Rabeprazole belongs to a group of medicines called ‘Proton Pump Inhibitors’ (PPIs). They work by lowering the amount of acid that the stomach produces.
Rabeprazole is used to treat Gastro-esophageal reflux disease (heartburn), stomach ulcers, Zollinger-Ellison Syndrome, and in combination with amoxicillin and clarithromycin to eradicate Helicobacter pylori.
 BRAND NAMES
- International: Pariet
 MECHANISM OF ACTION
Rabeprazole is a proton pump inhibitors. it decreases the amount of acid produced in the stomach by inhibition of H+/K+ ATPase located in the luminal membrane of gastric parietal cells
- Treatment of Gastroesophageal reflux disease (GERD)
- Treatment of ulcer caused by H. Pylori bacteria.
- Treatment of pathological hypersecretory conditions, including Zollinger-Ellison Syndrome
Rabeprazole should be taken 30 minutes before a meal
- Gastroesophageal Reflux Disease:
- Adults: 20/day
- 12 to 17 Year Olds: 20/day
- Less than 15 kg, 5 mg once daily
- 15 kg or greater, 10 mg once daily
- H. pylori Eradication (Triple Therapy): Rabeprazole (20 mg) twice daily + Amoxicillin (1000 mg) Twice Daily + Clarithromycin (500 mg) Twice Daily for 7 days
- Zollinger-Ellison syndrome: 60 mg once daily. Dose should be adjusted to patient needs
Hypersensitivity to Rabeprazole
 WARNINGS AND PRECAUTIONS
- Symptomatic response to therapy with rabeprazole does not preclude the presence of gastric malignancy
- PPI therapy may be associated with increased risk of Clostridium difficile associated diarrhea
- Long-term and multiple daily dose PPI therapy may be associated with an increased risk for osteoporosis-related fractures of the hip, wrist, or spine.
- Warfarin: Patients treated with proton pump inhibitors and warfarin concomitantly may need to be monitored for increases in INR and prothrombin time
- Hypomagnesemia has been reported rarely with prolonged treatment with PPIs
- Warfarin: Increased INR and prothrombin times have been reported with concomitant use with warfarin. Patients need to be monitored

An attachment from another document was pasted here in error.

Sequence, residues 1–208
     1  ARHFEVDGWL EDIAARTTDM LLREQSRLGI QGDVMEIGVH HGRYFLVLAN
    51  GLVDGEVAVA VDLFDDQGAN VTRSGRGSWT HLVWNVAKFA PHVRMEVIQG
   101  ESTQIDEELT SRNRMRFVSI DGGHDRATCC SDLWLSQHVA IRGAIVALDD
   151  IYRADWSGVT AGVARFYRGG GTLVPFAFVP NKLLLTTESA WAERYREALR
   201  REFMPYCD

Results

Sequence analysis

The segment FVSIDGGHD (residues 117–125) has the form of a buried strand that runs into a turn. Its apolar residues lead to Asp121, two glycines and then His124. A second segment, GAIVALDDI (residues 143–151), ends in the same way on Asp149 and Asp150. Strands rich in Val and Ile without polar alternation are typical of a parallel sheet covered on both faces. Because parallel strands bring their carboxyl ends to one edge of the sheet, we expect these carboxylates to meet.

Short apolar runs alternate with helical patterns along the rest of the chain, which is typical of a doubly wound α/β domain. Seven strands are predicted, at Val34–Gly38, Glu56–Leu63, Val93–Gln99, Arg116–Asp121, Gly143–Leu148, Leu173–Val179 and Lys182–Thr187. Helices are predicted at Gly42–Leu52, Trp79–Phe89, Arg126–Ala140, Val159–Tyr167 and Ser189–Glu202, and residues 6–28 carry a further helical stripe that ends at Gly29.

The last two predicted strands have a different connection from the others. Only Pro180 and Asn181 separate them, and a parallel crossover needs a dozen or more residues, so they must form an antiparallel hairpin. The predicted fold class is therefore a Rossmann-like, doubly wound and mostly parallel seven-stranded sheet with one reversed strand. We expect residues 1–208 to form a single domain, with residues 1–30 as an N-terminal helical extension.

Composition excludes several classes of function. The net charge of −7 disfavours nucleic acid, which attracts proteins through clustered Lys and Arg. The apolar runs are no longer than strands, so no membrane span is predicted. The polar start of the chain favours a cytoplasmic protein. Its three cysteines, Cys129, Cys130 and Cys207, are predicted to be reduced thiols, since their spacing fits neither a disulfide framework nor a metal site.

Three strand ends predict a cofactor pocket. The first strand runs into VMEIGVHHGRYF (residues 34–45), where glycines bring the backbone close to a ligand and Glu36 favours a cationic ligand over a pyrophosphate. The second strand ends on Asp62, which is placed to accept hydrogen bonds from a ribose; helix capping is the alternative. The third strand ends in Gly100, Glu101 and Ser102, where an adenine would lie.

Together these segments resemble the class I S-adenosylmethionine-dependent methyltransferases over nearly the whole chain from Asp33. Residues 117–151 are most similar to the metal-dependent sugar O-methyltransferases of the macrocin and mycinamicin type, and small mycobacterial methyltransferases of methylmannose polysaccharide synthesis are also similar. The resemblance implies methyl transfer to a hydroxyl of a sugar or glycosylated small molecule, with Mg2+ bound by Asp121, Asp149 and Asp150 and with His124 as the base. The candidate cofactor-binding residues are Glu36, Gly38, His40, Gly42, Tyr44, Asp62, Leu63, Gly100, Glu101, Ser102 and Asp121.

- Rabeprazole has been shown to inhibit cyclosporine metabolism in vitro
- Rabeprazole inhibits gastric acid secretion and may interfere with the absorption of drugs where gastric pH is an important determinant of bioavailability (e.g., ketoconazole, iron salts and digoxin)
- Rabeprazole may reduce the plasma levels of atazanavir.
- Methotrexate: Rabeprazole may increase serum level of methotrexate.
 PREGNANCY AND LACTATION
- Pregnancy Category B (US). There are no adequate and well-controlled studies with Rabeprazole in pregnant women. No evidence of teratogenicity was seen in animal reproduction studies with rabeprazole at 13 and 8 times the human exposure at the recommended dose for GERD, in rats and rabbits, respectively. Because animal reproduction studies are not always predictive of human response, this drug should be used during pregnancy only if clearly needed.
- It is not known if Rabeprazole is excreted in human milk, caution should be exercised if administered to a nursing woman
 SIDE EFFECTS
Most common: headache, pain, sore throat, flatulence, infection and constipation
 RELATED LINKS
|Heartburn/Gastritis/Gastric ulcer/Duodenal ulcer/Gastroesophageal reflux|
|H2 antagonists||Famotidine • Nizatidine • Ranitidine (Zantac)|
|Proton-pump inhibitors||Dexlansoprazole (Dexilant) • Esomeprazole (Nexium) • Lansoprazole (Prevacid) • Omeprazole (Losec, Prilosec) • Omeprazole/Sodium bicarbonate (Zegerid) • Pantoprazole (Controloc, Pantecta, Pantoloc, Protonix) ( • Rabeprazole (Aciphex, Pariet)|
|Other drugs||Alginic acid • Magaldrate • Sucralfate|
|Combination Regimens||Bismuth Subcitrate Potassium/Metronidazole/Tetracycline (Pylera) • Lansoprazole/Amoxicillin/Clarithromycin (Prevpac)|